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Real Estate Law
A Mosque, Open Space and Eminent Domain
United States District Court Judge Peter G. Sheridan issued an opinion on November 29 on a motion to amend the complaint in Albanian Associated Fund v. Township of Wayne. This case involves eminent domain, open space, and land use regulations in the context of proposed religious use, the building of a Muslim mosque on 11 acres in Wayne Township, New Jersey. Therefore, the Religious Land Use and Institutionalized Persons Act of 2000 (RLUIPA) plays into the dispute as well. See 42 USC § 2000 cc (a) (1):
No government shall impose or implement a land use regulation in a manner that imposes a substantial burden on the religious exercise of a person, including a religious assembly or institution, unless the government demonstrates that imposition of the burden on that person, assembly, or institution (A) is in furtherance of a compelling governmental interest; and (B) is the least restrictive means of furthering that compelling governmental interest.
There is a real fear among religious organizations that RLUIPA may not apply because it does not specifically mention the words “eminent domain.” Download the decisions in St. Johns United Church of Christ v. City of Chicago (U.S. Court of Appeals for the Seventh Circuit,2007) and Faith Temple Church v. Town of Brighton, 405 F. Supp. 250 (W.D.N.Y. 2005).
In Judge Sheridan's November 29 opinion, the court permitted the plaintiff to amend its complaint on eight counts and denied amendment on a new ninth count. The ninth count alleged violations of New Jersey’s Municipal Land Use Law (MLUL) which is the comprehensive statute governing land use applications and proceedings before zoning boards and boards of adjustment in the state (N.J.S.A. 40:55 D-1 et seq). The court barred the amendment based on the comprehensive system established under the MLUL and the N.J. Court Rules 4:69-1, which established a comprehensive non-jury procedure for plaintiffs contesting a municipal action.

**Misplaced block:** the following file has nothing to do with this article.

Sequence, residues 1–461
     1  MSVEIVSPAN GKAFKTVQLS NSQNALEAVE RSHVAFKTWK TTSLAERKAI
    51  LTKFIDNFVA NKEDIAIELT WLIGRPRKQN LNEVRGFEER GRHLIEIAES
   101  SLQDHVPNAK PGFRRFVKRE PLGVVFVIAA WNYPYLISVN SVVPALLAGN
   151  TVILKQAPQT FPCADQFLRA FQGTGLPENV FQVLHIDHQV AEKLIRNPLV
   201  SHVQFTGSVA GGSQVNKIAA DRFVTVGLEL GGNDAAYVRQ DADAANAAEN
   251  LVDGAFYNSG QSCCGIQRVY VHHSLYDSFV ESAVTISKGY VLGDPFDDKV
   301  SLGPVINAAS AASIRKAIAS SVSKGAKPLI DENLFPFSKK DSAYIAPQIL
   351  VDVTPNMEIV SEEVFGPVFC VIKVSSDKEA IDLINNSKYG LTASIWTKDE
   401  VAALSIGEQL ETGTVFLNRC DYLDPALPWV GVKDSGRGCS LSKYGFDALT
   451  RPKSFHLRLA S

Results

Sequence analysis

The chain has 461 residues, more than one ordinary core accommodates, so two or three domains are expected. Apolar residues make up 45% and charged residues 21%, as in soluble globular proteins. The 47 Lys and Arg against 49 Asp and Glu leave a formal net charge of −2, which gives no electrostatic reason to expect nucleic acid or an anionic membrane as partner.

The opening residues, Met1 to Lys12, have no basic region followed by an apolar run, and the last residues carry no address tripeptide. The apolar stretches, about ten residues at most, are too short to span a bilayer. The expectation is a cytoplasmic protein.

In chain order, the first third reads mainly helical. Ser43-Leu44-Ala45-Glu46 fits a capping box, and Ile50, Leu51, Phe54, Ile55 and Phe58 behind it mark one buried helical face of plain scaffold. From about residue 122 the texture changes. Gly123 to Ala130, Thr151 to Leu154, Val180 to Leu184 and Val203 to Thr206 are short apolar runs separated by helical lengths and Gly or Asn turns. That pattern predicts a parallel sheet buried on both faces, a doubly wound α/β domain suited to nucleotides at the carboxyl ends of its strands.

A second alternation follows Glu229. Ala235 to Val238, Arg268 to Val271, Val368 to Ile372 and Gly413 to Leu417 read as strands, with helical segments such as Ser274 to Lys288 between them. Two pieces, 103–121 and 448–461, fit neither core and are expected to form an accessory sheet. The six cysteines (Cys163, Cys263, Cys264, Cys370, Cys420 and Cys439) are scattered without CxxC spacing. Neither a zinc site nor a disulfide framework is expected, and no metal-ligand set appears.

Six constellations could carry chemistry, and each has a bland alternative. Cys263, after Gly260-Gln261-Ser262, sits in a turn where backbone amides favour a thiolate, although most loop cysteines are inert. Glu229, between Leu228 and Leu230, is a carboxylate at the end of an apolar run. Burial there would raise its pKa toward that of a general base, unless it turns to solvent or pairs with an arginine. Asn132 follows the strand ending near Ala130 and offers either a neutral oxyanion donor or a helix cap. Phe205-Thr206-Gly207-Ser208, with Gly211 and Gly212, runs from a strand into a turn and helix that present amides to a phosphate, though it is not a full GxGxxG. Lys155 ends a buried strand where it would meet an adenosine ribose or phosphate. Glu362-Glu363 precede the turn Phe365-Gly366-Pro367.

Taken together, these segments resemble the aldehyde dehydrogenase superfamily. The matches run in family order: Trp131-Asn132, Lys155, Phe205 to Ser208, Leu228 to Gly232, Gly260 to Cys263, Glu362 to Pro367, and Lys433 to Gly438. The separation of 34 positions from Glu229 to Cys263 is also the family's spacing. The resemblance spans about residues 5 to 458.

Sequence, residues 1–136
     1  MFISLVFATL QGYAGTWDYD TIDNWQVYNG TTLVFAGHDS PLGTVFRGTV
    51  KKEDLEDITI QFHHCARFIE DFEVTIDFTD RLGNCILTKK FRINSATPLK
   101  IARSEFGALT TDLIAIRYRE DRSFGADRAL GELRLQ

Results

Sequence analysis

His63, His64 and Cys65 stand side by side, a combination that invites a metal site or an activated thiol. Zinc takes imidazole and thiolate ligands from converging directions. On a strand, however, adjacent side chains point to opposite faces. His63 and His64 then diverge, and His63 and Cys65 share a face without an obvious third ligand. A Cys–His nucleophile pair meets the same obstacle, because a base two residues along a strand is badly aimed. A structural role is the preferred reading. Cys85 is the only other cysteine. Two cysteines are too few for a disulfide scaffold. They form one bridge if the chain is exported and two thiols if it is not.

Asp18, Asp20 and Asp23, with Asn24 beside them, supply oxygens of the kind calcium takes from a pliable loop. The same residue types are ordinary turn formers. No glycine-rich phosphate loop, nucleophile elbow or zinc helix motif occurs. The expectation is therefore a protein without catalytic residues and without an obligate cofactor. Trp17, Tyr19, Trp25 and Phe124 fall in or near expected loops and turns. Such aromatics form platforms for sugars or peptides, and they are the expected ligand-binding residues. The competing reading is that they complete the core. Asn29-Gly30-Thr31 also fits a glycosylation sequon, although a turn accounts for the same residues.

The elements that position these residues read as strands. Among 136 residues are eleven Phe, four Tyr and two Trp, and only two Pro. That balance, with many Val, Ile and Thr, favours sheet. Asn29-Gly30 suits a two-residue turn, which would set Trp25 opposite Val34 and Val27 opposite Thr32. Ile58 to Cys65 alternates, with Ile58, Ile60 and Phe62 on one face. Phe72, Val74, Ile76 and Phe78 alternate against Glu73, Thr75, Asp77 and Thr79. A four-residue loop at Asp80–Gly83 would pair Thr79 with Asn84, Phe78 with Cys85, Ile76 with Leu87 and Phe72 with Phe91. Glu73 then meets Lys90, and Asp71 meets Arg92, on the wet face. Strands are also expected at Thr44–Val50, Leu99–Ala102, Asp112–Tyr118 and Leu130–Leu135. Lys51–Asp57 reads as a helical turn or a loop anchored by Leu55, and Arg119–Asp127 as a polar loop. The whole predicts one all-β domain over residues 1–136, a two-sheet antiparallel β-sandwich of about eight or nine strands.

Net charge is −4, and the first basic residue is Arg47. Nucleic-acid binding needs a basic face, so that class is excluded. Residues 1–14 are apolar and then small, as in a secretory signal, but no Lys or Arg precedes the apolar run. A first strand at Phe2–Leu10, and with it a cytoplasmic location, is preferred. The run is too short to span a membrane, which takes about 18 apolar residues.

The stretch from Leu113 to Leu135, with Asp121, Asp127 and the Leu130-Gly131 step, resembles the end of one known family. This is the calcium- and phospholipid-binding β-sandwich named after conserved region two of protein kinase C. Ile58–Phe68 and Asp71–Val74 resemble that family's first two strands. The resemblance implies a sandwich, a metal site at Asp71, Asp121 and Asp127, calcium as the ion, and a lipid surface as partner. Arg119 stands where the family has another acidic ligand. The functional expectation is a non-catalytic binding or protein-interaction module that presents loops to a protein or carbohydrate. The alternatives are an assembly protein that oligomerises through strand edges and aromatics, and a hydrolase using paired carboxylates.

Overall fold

The procedure established in the law and the court rules is consistent with the New Jersey Constitution Article IV § 6, Paragraph 2, which mandates uniform policies and procedures that any municipality must follow. Therefore, the court held the proper venue for plaintiff’s count 9 claim was before the New Jersey Superior Court in an action in lieu of prerogative writ.
In an earlier decision issued October 1, 2007, the court denied defendant Township of Wayne’s motion for summary judgment. The plaintiff’s application for a conditional use permit to construct a mosque on the property was pending when the township instituted eminent domain proceedings to acquire the property for open space. The township argued that eminent domain procedures are not covered by RLUIPA; the court disagreed.
This case presents many interesting issues which are not yet fully decided:
1. The protection afforded the property owner by RLUIPA versus the township’s stated desire to acquire the land for open space
2. The impact of the New Jersey Supreme Court decision in Mount Laurel v. Mipro Homes 188 NJ 535 (2007) which permits acquisition for open space even after local approvals were obtained for a 23-lot subdivision.
The facts developed at trial will determine whether the actions of the defendant were discriminatory, and as the court stated in its October opinion:
The circumstances of this case and the manner in which the plaintiffs' property was pursued, at the very least, supports an indication of discriminatory or improper purpose for which plaintiffs are entitled to inquire into the Council's motives in condemning the plaintiffs' property and raise the issue of credibility before the trier of fact.
From New Jersey Eminent Domain Law Blog posted 2007-12-05.